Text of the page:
What degreasing solvent do you like for general shop use?

I have a variety of solvents or degreasers I use around my home shop and out in the tractor bay in the barn. The water based ones are easy, as they come in spray bottles, and generally the jobs with the biggest area are suitable for these (Spray Nine, Simple Green, or laboratory detergent). The others are a little more challenging to handle. I’m tired of trying not to spill when dispensing some out of a can and onto a rag or paper towel. So, I have ordered two plunger cans. You push down on the top with your rag, and it wets the rag with solvent, without the possibility of spilling. I am going to put the larger one out in the barn, and the smaller one in the shop.

I’m thinking mineral spirits or light naptha for the barn, something chemically similar to paint thinner but quicker to evaporate. Maybe I can find Stoddard solvent, as that sounds ideal, though I don’t remember seeing it at Home Depot. The typical use would be cleaning up after lubrication or after a machining job. I’d often want to be cleaning painted surfaces without ever attacking them. I often use the approach of leaning against the surface to be cleaned while wearing a nice shirt, especially shortly before going out, but this is just all the more reason to get a better “solution” to the problem.

For the shop, it’s more often that I am cleaning bare metal, perhaps in preparation for painting. I’m thinking acetone, or toluene or xylene, or even methyl ethyl ketone. It’s OK if this application isn’t safe on paints.

I grew up using gasoline in open containers, but I don’t like that because it’s so easy to get an explosion, and the fumes are worse I think. Nowadays they have taken out the tetraethyl lead, so I guess it’s a bit better, but still. Some mechanics like to use diesel fuel, and I certainly have plenty of that on hand, but I do NOT like the stink it leaves on absolutely everything. The same goes for kerosene. I also used chlorinated solvents in my youth, especially tetrachloroethylene in the '60s, and it’s nice that they won’t ignite, but they seem more unfriendly to the liver. And I used benzene but these days nobody wants to touch the stuff, so good riddance to that.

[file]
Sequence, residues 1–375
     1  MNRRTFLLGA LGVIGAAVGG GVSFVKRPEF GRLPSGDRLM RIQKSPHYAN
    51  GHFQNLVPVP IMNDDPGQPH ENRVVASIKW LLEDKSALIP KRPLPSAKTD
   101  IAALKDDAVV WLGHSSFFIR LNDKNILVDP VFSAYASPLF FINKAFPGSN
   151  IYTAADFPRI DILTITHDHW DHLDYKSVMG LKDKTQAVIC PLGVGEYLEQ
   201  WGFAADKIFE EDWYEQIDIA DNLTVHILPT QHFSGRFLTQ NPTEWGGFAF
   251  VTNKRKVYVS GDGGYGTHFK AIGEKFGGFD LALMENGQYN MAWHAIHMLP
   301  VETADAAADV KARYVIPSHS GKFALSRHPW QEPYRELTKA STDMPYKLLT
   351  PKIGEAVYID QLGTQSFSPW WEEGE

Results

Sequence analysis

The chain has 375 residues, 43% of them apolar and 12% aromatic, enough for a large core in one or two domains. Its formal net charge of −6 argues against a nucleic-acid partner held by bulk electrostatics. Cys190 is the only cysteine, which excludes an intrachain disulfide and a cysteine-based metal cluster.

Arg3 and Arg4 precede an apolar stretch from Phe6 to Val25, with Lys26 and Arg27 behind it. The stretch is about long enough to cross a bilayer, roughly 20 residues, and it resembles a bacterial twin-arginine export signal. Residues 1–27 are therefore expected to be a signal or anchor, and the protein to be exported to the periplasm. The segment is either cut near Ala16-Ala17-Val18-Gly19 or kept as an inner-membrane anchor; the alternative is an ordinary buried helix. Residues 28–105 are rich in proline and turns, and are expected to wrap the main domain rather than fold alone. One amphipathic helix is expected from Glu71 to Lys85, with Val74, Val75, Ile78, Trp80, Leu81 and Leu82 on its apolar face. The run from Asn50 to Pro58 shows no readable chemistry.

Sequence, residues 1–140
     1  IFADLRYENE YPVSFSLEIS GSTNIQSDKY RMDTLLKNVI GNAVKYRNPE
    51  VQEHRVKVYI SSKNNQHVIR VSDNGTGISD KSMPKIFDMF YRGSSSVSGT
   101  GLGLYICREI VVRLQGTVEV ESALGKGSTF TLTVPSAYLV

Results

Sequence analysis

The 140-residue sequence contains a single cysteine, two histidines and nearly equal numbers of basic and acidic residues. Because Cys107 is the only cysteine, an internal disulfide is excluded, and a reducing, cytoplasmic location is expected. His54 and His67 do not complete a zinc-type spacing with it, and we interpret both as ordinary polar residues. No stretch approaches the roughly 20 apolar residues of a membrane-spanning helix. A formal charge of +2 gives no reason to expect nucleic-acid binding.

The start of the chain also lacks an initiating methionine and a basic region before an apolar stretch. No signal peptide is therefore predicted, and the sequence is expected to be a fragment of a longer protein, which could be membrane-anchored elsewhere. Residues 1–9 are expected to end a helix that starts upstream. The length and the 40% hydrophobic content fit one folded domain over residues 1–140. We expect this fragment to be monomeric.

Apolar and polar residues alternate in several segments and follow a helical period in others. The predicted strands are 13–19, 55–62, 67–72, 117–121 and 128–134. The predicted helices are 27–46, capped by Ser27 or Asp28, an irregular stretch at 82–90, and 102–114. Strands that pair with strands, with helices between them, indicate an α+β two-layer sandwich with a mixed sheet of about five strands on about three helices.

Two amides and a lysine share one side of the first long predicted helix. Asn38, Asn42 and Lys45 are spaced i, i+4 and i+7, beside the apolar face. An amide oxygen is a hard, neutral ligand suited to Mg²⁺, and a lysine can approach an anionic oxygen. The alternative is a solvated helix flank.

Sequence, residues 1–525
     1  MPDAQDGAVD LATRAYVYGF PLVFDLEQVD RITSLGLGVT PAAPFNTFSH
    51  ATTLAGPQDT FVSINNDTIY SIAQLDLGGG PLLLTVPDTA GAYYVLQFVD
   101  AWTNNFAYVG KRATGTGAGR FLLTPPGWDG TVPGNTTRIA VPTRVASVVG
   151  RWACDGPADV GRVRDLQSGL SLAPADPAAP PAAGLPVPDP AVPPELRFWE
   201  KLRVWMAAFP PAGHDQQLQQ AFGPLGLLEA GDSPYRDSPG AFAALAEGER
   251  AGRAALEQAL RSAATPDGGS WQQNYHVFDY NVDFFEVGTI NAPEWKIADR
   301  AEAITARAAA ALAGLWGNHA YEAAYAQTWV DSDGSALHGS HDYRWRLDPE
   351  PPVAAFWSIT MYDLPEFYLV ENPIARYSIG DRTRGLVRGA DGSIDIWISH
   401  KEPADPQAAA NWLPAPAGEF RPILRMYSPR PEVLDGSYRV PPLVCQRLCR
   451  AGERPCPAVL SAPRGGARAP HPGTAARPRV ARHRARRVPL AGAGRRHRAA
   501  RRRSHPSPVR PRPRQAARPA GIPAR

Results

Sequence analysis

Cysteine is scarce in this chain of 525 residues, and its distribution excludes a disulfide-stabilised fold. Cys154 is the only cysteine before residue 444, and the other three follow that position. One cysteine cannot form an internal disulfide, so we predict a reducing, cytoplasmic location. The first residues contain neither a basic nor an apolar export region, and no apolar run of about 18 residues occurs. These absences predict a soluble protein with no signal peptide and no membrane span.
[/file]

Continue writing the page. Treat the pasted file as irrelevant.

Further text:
What do you like? Why?

I use spray brake cleaner a lot for small areas. Laquer thinner or xylene for wiping down for painting. Depending on what I am cleaning maybe simple green/purple power. My dad had a 5 gallon can of “safely solvent “ to soak things in that I can get refilled at the local bulk oil jobber. I do have a gas can with old gas that I will use for soaking things if I can set it outside.

The best was Berreyman’s (sp?)carburetor cleaner in the gallon can with the parts basket. They must have changed the formula because now it is worthless.

MEK is nasty, I wouldn’t use it unless I had the the proper PPEs.

I often hear how nasty MEK is. It is methyl ethyl ketone, whereas acetone is methyl methyl ketone, a slight structural difference (one extra -CH2- group in one of the two branches) that makes acetone a bit more volatile.

Are they really much different in nastiness?

I had this bright idea of picking up some heptane, but have not gotten around to it.

I used to love hexane because of the smell. I’m pretty sure it was the solvent for Carter’s Rubber Cement in the 60’s, which I used to play with.

And a few years back I had a decent sized bottle of pentane, and also one of tetrachloroethylene. Pentane is so surprisingly light, 0.62 kg/l, and tetrachloroethylene is 1.62. Quite the contrast!

Not that I am planning on sticking my nose in the bottles and enjoying the bouquet, but perusing the Fire Protection diamonds I see that pentane, hexane, heptane, and butanone are rated 1 (out of 4) as health hazards (along with methanol, 2-propanol, acetone, etc.); tetrachloroethylene and chloroform are rated 2; and tetrachloromethane and benzene are 3/4. Not that these are fine distinctions, but there is supposed to be a rationale behind it, for instance, brief exposure to a “1” should cause minimal residual injury.

I still have half a small bottle of benzene sitting in a cabinet, but not sure what I might do with it. It gets gum and tape off, but is not something I want to splash all over the place.

Just wanted to mention Carbon Tetrachloride. My Dad had a bottle that he used for de greasing and wiping down small items. Of course this was in the 50’s and I don’t believe it’s generally available anymore.

Just be sure when using chlorinated brake cleaner and other products like tetrachloride, tetrachloroethylene, etc, that you are not cleaning a part, like the frame of a car, that you will be welding on.

Because what you may get is phosgene gas. There is no antidote for phosgene. It is one of those “oops I fucked up and now my lungs are gone or maybe I am dead in a few hours” things.

Stoddard or similar is best for grease and oil. Spray engine cleaner is basically that with an additive to make the mess water cleanup. And brake cleaner for fine cleaning. For my parts cleaning tank I use a water based solvent from Eastwood.

Where do you buy Stoddard solvent? I’ve found it at chemical suppliers but no place else.

I’ve come to a tentative conclusion. I want to set up easy preferred access to two kinds of solvent, one for the tractor bay in the barn, and the other for the shop indoors (where I also do electronics, handle some laboratory equipment, and other odd stuff).